I had reached out to Columbia’s mental health resource. And immediately they delved right into family, and my history and my counselor said I wasn’t experiencing anything unusual. It felt very invalidating to be told that my problems were similar to everyone else, so I didn’t have to worry. I ended up receiving counseling and therapy at the hospital near the school and I was treated for depression and anxiety, and later I was formally diagnosed with borderline personality disorder. It’s something that was developing over time, it’s not like Columbia gave me this. But the culture of Columbia exacerbated it. It made it worse and didn’t give me resources to cope with it.
Junior year, I had an incident where I was going to harm myself and I ended up taking a leave of absence. After talking with my advisor, she said I should take some time to take care of myself. “Columbia’s not the place I feel you should be,” she told me. I didn’t feel it was the right school for me and neither did she. So I took two years, which is the length of time you’re allowed to take – and after being gone that long, I formally withdrew. I didn’t feel like they had changed enough in their policy to offer the support I needed. Clearly I’m not the only student that felt that way. It’s something I’ve been very open about, and I’ve had classmates from Columbia reach out to me while in school and after to talk about their experiences and ask for help.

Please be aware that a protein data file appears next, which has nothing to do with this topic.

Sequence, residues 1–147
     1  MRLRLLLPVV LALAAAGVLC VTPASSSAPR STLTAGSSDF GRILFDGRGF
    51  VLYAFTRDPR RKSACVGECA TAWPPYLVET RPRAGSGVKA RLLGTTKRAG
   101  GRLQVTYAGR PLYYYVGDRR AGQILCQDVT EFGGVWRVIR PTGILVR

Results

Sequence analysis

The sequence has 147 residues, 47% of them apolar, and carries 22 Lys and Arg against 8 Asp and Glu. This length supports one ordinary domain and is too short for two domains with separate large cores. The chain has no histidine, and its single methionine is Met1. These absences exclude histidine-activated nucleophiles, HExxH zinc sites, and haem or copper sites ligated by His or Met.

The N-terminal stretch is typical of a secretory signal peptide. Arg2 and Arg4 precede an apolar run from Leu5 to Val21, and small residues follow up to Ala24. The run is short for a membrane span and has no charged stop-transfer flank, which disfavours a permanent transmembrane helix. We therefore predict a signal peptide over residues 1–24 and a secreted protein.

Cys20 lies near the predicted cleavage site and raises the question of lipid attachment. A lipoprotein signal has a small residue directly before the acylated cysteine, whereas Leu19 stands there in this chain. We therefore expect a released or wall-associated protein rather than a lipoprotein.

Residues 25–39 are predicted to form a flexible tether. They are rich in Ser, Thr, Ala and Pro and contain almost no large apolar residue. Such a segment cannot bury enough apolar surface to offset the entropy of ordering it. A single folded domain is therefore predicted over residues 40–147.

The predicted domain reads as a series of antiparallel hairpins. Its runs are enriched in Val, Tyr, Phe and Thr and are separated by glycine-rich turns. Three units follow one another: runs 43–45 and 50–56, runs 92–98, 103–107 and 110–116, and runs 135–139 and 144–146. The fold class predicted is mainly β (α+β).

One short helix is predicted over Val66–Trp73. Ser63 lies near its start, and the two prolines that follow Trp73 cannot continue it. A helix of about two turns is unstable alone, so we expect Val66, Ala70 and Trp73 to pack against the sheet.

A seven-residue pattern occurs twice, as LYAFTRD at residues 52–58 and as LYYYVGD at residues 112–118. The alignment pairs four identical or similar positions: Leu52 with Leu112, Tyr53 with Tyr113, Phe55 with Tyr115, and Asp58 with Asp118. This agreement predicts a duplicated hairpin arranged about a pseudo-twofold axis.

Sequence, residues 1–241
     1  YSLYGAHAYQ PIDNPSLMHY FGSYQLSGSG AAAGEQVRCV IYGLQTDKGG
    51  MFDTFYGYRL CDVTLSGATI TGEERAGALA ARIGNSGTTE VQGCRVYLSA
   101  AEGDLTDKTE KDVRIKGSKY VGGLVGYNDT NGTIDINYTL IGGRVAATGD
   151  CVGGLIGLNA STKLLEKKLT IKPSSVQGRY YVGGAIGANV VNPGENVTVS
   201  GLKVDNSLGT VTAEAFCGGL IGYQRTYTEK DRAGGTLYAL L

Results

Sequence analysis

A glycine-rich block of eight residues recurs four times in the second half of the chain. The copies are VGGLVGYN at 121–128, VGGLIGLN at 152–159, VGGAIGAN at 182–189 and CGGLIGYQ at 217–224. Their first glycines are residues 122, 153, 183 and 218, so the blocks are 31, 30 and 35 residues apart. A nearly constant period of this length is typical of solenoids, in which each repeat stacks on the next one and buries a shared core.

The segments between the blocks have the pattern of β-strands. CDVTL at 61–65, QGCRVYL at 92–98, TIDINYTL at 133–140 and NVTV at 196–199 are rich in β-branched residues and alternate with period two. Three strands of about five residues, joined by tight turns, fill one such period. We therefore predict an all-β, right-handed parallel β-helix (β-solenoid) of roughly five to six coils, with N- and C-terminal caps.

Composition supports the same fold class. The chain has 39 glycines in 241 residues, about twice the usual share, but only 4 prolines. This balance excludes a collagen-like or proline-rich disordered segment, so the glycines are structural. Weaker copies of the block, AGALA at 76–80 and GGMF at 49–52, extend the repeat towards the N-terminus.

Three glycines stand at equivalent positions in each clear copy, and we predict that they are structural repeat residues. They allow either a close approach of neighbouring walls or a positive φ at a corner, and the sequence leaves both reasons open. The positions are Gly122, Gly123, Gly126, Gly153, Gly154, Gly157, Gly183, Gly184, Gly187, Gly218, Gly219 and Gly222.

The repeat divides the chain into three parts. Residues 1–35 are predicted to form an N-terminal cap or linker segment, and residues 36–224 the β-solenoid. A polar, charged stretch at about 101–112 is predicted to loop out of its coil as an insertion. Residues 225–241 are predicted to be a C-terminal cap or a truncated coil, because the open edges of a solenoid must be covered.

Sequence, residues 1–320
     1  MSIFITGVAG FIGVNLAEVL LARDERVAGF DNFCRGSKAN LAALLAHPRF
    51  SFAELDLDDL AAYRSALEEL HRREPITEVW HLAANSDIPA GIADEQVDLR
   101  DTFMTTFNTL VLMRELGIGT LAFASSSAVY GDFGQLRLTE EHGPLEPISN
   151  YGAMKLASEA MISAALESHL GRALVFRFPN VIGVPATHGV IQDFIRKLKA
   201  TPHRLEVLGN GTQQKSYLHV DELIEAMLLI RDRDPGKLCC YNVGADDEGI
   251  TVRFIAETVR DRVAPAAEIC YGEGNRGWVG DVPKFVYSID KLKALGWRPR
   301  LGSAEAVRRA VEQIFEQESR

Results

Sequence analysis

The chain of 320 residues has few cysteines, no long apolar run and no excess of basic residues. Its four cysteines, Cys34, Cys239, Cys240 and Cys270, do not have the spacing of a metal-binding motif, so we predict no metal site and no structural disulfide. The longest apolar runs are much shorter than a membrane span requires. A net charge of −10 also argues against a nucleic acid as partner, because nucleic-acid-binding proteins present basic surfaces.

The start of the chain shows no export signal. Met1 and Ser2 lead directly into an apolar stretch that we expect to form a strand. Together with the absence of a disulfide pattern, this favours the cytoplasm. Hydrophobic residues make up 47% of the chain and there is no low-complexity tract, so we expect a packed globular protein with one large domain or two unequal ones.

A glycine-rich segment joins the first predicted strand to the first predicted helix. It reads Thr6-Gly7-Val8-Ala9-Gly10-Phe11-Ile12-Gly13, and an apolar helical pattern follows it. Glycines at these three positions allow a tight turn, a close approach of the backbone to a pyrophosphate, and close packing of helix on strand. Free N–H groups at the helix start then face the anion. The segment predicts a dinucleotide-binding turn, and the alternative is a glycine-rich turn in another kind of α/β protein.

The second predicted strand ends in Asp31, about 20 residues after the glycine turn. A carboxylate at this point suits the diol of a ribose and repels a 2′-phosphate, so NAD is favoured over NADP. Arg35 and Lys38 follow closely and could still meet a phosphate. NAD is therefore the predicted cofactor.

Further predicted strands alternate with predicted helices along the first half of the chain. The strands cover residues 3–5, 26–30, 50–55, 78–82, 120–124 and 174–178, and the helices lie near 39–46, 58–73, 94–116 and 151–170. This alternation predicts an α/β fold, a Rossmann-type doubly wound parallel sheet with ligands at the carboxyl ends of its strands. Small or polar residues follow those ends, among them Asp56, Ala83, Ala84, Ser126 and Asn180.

My first day at Columbia, we had a freshman who committed suicide that very first day. It had a huge impact on students who didn’t know how to cope. In theory it’s all about the lack of resources – Columbia doesn’t have enough counsellors or support to give students. That’s why when I first went, they downplayed my issues to weed out the people who seriously need help and those who don’t need help right then. Of course, that’s actually quite damaging – it invalidates people who do have a problem that’s just going to get worse. It means they won’t trust Columbia to offer them help. Seven people have died at Columbia this year – students will think that if Columbia couldn’t help them, then Columbia couldn’t possibly help me.
It’s easy to say, “I wish there were more resources.” And of course, that’s the goal. It is frustrating – Columbia is a large institution that has enough money to deal with this. They just feel they don’t have to prioritize it compared to all of their other interests. But after this many incidents, it says something negative about the institution. Then again, I’m biased. I left Columbia. I had enough issues there to force me out. But I do feel they don’t take their students’ health seriously enough. They’d rather focus on academic achievement and success, they’d rather focus on that then the cost of students’ health and students’ lives. Those statistics don’t matter to them as much.
Here is a list of some of the available resources for support
– Columbia Counseling and Psychological Services (CPS) – (212) 854-2878
– Columbia Health – (212) 854-7426
– Office of the University Chaplain – (212) 854-1493
– Berick Center for Student Advising (CSA) – (212) 854-6378
– Director of Student Wellness – (212) 853-1369
– NightLine – (212) 854-7777
If you want to get involved in the movement to improve mental health resources, click here.